If you go

What: Lowcountry Splash benefiting the Logan Rutledge Foundation and the Lowcountry Aquatic Project Swimming program.

When: May 24. The 5-mile swim starts at 7:30 a.m. and the 2.4-mile swim at 8 a.m.

Where: The 5-mile starts at the Daniel Island Pier and the 2.4-mile starts at Hobcaw Yacht Club in Mount Pleasant. Both finish at the docks at Charleston Harbor Marina.

cost: $65 for the 5-mile swim. $55 for the 2.4-mile swim.

Get ready: Room is still available in a weekly swim camp designed for the Splash. Clinics are 6:30-8 p.m. Wednesdays at Danny Jones Swimming Pool, 1455 Monitor Street in North Charleston. $80.

More info: lowcountrysplash.com

As the Lowcountry warms up this spring, more of us will be returning to local waterways.

And thanks to the efforts of the local, home-grown organization Lowcountry Aquatic Project Swimming, about 1,700 Charleston County youngsters are going to be safer in those waterways than they would have before.

In its second year, LAPS is not only providing swimming lessons and water safety to kindergarten and first graders at area Title I schools but making sure that they are proficient: 16 lessons in all and measuring progress.

LAPS works with the cities of Charleston and North Charleston and the Charleston County Park and Recreation Commission, which has a portable pool, in using facilities for the lessons.

Still, the cost of paying instructors a nominal fee of $10 an hour, which helps retain consistency, and transportation amounts to about $150,000.

Swimming support

A big chunk of support comes via the Logan Rutledge Children's Foundation and the annual Lowcountry Splash Open Water Swim that funds it.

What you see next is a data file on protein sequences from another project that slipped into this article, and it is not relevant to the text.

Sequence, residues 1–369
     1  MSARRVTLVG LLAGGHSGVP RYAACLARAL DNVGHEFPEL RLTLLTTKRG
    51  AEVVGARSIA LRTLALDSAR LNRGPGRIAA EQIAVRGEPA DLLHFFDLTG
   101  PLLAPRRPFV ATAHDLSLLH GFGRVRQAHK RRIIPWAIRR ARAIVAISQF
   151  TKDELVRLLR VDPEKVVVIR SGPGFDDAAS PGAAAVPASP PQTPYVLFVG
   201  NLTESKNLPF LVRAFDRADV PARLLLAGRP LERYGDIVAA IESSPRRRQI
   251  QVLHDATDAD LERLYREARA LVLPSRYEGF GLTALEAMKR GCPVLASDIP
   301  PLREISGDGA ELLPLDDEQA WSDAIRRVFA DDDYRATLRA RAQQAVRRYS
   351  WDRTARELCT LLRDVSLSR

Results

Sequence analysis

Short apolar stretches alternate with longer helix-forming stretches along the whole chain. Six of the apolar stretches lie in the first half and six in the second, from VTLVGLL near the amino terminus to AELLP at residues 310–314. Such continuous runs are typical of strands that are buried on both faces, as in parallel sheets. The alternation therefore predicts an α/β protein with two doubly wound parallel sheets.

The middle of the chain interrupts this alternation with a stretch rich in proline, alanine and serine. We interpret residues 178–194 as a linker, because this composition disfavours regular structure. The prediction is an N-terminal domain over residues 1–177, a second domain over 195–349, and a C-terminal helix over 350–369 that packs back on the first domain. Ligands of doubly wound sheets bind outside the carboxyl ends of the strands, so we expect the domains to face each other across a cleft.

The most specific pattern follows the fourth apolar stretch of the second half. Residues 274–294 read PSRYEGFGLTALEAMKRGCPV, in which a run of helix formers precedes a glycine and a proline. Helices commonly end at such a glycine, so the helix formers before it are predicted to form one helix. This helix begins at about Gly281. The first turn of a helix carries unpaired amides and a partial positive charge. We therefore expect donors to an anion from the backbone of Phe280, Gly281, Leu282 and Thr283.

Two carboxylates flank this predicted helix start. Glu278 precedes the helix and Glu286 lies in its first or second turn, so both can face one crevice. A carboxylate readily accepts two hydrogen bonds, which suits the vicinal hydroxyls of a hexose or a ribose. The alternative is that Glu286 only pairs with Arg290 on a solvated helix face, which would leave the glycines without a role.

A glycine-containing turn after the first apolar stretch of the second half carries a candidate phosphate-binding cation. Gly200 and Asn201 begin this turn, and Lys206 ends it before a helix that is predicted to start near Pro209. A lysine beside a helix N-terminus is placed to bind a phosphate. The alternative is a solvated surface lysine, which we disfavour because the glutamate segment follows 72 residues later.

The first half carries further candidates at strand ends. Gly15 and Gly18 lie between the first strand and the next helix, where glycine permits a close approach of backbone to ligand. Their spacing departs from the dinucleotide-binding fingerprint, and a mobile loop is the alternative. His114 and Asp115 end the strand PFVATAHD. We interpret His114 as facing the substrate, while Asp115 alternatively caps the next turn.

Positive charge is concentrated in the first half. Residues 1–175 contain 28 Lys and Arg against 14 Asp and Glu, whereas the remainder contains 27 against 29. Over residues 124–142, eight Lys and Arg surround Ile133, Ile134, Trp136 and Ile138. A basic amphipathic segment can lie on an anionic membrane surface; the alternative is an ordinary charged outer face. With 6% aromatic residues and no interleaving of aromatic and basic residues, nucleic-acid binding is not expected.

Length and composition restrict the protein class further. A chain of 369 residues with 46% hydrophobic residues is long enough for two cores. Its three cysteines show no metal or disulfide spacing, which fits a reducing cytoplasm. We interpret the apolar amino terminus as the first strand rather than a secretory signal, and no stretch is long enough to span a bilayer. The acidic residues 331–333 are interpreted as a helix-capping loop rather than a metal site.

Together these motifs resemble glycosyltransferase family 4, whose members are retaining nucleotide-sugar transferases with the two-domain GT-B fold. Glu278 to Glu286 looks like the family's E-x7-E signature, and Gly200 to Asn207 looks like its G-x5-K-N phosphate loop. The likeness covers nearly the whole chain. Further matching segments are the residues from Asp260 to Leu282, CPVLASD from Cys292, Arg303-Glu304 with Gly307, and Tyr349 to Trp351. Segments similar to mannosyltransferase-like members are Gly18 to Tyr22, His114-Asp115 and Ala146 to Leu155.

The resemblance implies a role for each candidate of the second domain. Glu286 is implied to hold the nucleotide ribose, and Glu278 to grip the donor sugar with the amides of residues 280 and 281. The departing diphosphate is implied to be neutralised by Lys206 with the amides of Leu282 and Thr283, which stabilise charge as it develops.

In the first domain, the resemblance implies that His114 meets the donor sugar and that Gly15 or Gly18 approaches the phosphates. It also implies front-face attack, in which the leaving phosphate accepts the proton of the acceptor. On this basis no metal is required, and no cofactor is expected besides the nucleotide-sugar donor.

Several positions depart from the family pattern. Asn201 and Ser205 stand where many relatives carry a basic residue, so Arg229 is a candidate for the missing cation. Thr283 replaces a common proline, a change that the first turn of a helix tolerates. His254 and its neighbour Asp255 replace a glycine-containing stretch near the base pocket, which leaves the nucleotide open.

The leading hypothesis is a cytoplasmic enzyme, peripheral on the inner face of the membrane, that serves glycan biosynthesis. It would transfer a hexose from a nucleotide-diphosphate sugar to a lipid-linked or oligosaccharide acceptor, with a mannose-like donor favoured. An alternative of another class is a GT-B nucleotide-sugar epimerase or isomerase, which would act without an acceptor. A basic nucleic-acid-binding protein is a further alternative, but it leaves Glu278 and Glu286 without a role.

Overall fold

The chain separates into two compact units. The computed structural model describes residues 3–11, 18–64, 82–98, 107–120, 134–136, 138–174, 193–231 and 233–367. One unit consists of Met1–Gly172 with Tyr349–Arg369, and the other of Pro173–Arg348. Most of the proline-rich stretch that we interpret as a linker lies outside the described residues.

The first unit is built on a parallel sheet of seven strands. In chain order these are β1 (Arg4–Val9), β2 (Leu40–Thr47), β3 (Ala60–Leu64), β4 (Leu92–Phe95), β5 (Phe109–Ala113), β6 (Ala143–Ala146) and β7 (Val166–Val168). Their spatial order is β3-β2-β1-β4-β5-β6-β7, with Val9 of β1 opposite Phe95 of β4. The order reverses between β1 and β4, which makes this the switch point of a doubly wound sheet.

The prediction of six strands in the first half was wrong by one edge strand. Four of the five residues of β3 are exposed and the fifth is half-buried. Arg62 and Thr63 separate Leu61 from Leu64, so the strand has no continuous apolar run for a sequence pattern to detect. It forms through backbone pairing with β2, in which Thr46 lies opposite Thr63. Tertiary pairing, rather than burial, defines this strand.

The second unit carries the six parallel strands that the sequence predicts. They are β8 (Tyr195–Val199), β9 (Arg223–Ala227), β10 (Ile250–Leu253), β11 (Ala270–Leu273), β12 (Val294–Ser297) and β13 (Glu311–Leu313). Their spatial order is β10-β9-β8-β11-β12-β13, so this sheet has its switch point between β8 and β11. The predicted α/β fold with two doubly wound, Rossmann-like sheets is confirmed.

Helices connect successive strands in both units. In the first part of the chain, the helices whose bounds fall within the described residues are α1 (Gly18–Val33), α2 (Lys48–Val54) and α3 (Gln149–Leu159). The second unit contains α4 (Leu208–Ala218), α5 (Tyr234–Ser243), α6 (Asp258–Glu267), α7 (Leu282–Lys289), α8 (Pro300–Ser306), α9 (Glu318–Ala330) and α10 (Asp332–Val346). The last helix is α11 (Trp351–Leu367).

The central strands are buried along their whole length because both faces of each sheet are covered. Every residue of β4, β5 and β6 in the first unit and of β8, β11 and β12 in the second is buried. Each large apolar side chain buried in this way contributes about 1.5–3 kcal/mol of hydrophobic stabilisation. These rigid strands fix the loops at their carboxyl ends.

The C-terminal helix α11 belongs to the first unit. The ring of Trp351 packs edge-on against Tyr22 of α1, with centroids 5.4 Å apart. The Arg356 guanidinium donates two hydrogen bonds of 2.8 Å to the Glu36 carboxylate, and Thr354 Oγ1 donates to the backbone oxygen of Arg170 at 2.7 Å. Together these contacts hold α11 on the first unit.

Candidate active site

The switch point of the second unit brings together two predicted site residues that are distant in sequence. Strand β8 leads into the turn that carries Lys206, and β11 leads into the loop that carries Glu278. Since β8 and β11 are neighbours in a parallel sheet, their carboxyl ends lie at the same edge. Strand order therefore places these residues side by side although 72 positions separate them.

The 13th annual swimming event, which include 2.4-mile and 5-mile swims, will be May 24.

Last year, 390 finished the 2.4-mile swim and 107 completed the inaugural 5-mile swim.

Both events finish at the Charleston Harbor Marina docks in front of the aircraft carrier Yorktown.

Olympic inspiration

Earlier this month, on the eve of the 37th Cooper River Bridge Run, the efforts of LAPS and the Rutledge foundation were recognized by the Sigma Gamma Rho sorority, which donated $500 to the foundation, and its guest speaker, Olympic gold- and silver-medal winning swimmer Cullen Jones.

Jones survived a near-drowning incident when he was five before learning to swim, later swimming for N.C. State University and becoming the third African-American to make the U.S. Olympic team.

On April 4, Jones met a few participants in LAPS, three children from Chicora Elementary School, and foundation founder Mark Rutledge.

Shannon Walsh O'Brien, program director for LAPS, hopes to bring Jones back to the Lowcountry in October to talk to children in the program.

Busy spring

In the meantime, she and others involve with LAPS will be busy with an array of activities designed to heighten awareness and excitement for its efforts.

On May 5, LAPS will work with the city of Charleston recreation department on celebrating National Otter Spotter Day, which involves a national water safety mascot, Josh the Otter, and the campaign's child-friendly swimming safety books.

Ten days later, LAPS and the city will celebrate International Water Safety Day in activities that have yet to be determined.

And on June 20, LAPS will work with the cities of Charleston and North Charleston, county PRC and the private LTP Swimming in Mount Pleasant to be part of the fifth annual World's Largest Swimming Lesson, which hopes to involve 100 million people with the message that "Swimming Lessons Save Lives."

Reach David Quick at 937-5516 or dquick@postand courier.com.